The obvious point here is that if we were to limit our analysis to just “potential attendance” we would likely reach the conclusion that the best place to put an NBA franchise would be a number of second-tier markets without any pro-sports competition. Accordingly, the obvious failure of this type of analysis is that the difference in the local television rights fees alone would almost certainly single handedly offset any attendance benefit from a lack of sports competition.
In this regard, we would also point out that as the national television rights fees for the NBA, MLB, NHL, and NFL are shared pro-rata, their continued rapid growth is also substantively changing the business mix of their teams.
For this reason, it should be clear that any market saturation analysis that fails to take into account media rights fees will be incomplete and lead to erroneous conclusions. There are plenty of media properties (sitcoms, broadcast news, reality shows) that sustain themselves just fine without any attendance revenues and the failure of a market analysis to acknowledge that pro sports are as much a media business as they are a spectator/attendance driven business will significantly misjudge the financial viability of a pro sports franchise.
Corporate Sales and Sponsorships: Just as with media revenues, we believe that any market analysis that fails to take into account the strength of the local corporate base and potential corporate sponsorship and premium seating revenues is incomplete. Local corporations play an important role in purchasing tickets, suite and club seat purchases, building sponsorship, game day sponsorship, and other revenue generating promotional activities.
While Seattle would rank 14th in terms of the number of companies with over 1,000 employees (84), given the size, strength, and diversification of its employment base, we believe Seattle is a much better corporate sponsorship market than those numbers would imply. In this regard, in 2012 Seattle ranked 2nd of the top 20 sports markets in a recent economic strength analysis done by market research firm Policom.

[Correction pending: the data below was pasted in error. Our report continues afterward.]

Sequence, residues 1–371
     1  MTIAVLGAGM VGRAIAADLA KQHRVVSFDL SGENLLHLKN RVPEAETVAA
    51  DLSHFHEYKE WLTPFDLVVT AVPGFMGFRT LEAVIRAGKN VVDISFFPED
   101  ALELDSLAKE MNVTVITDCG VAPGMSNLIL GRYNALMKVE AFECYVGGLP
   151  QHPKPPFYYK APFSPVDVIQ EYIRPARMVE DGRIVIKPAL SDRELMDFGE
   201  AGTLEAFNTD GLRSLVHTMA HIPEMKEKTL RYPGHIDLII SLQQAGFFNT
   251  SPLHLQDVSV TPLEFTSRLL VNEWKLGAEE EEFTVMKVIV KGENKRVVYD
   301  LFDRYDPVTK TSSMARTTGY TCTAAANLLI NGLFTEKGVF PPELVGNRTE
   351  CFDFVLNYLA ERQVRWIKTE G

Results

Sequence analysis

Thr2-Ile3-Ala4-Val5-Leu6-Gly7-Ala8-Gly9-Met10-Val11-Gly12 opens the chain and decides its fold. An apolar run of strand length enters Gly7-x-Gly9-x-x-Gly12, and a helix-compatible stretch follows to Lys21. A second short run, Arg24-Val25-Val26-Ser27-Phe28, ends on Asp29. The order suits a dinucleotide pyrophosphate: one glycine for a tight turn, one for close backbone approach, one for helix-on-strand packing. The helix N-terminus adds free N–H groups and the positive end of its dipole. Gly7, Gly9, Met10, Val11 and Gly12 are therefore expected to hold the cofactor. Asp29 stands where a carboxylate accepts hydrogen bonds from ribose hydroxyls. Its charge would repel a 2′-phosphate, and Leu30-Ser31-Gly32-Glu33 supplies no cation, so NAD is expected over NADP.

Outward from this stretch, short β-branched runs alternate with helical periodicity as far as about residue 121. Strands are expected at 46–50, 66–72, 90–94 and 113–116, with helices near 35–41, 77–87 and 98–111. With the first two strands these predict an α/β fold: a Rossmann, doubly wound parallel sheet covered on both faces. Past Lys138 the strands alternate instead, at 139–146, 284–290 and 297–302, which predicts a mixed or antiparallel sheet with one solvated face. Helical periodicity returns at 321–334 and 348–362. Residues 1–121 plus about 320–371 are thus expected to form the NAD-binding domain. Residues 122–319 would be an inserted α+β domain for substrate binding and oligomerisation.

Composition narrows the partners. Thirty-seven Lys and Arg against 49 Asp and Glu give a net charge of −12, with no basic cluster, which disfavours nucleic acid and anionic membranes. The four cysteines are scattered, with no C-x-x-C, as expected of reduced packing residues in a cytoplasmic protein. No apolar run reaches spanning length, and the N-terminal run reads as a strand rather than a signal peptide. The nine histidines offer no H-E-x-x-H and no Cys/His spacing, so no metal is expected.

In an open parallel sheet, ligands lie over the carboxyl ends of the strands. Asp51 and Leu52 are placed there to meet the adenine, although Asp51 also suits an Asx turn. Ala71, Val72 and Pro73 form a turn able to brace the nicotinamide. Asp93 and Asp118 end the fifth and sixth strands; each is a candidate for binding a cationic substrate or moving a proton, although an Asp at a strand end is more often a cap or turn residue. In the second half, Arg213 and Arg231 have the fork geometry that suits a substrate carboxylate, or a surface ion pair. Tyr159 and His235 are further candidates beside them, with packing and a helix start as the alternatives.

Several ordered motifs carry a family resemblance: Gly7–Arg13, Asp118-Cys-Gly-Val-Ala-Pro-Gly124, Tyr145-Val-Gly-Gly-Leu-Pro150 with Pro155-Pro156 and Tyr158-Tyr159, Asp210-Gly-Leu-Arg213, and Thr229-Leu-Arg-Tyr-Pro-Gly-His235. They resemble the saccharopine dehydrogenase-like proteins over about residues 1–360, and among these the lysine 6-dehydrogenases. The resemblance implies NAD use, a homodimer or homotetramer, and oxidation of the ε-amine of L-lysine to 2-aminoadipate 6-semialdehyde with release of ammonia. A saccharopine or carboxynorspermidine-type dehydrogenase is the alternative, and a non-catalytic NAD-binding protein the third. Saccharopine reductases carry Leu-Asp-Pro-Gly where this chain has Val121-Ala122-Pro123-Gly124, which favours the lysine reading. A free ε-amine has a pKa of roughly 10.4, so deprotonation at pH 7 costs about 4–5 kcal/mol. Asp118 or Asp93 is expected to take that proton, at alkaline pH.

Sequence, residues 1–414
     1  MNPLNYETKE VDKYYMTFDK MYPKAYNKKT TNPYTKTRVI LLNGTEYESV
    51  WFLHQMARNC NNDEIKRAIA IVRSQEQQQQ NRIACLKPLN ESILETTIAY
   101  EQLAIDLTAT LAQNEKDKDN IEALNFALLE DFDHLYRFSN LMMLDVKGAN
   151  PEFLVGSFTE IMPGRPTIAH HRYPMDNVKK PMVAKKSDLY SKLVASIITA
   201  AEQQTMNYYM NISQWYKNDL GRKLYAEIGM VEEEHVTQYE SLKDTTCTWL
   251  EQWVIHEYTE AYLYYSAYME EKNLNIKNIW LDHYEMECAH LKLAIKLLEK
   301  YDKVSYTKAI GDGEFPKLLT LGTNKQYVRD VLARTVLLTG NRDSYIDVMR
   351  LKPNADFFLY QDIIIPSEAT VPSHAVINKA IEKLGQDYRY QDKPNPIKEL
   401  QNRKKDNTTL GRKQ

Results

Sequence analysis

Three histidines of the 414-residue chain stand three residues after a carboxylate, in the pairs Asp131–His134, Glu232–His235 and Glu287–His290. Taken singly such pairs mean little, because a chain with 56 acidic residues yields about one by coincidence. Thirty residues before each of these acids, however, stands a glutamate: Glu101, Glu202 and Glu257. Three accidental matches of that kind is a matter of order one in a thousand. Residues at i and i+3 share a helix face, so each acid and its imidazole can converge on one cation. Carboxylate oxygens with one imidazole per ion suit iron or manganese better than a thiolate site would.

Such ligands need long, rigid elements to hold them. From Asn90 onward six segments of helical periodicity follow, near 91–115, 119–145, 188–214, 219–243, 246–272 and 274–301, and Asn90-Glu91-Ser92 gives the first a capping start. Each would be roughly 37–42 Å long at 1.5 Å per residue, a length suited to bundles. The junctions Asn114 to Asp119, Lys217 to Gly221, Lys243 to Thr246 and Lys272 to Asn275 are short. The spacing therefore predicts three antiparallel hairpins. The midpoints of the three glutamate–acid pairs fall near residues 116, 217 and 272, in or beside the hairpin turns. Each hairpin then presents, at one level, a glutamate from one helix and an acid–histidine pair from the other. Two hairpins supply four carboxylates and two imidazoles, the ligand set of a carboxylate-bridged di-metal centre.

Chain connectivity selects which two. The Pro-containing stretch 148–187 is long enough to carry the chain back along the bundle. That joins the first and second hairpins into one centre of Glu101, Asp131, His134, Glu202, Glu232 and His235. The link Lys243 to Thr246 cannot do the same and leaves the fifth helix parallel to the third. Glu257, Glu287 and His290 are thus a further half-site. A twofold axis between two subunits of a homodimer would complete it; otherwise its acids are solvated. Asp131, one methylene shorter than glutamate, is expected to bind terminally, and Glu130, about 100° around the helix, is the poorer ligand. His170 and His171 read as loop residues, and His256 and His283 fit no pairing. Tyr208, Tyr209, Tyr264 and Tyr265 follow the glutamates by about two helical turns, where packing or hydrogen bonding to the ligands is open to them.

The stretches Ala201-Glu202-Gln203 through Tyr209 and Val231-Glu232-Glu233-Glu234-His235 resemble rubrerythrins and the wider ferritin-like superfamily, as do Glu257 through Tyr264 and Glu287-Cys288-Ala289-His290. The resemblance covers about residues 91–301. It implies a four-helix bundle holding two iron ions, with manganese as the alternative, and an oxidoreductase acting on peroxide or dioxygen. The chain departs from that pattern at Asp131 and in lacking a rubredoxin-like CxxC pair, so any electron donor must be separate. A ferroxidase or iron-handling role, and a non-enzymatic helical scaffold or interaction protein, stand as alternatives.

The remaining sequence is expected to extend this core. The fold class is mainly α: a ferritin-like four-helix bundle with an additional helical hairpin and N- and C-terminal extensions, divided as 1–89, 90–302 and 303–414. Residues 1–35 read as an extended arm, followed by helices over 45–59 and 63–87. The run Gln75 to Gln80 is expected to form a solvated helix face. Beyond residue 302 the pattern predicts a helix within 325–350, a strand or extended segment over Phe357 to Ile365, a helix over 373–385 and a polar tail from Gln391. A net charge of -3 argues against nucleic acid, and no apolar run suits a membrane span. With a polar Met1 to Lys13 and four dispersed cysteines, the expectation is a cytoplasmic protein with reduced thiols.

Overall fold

However, we would also just like to mention that the corporate sales and sponsorship opportunity extends far beyond regional employers. In addition to stadium naming rights, national corporations typically compete for other building sponsorship opportunities, team sponsorships, and things like exclusive beverage pouring rights.
Competing Sports Franchises From the Same League: Another less obvious factor the analysis failed to take into account is that it is not just the size of the market that matters in terms of market saturation, but also the number of teams in the same league operating in the market.
As shown in the table above, if we look at it strictly by the numbers, we would conclude that the two biggest markets, New York and Los Angeles, would clearly be a better market to put a new professional sports team than Seattle. What this analysis fails to take into account, however, is that New York and Los Angeles each already have two basketball teams and two baseball teams.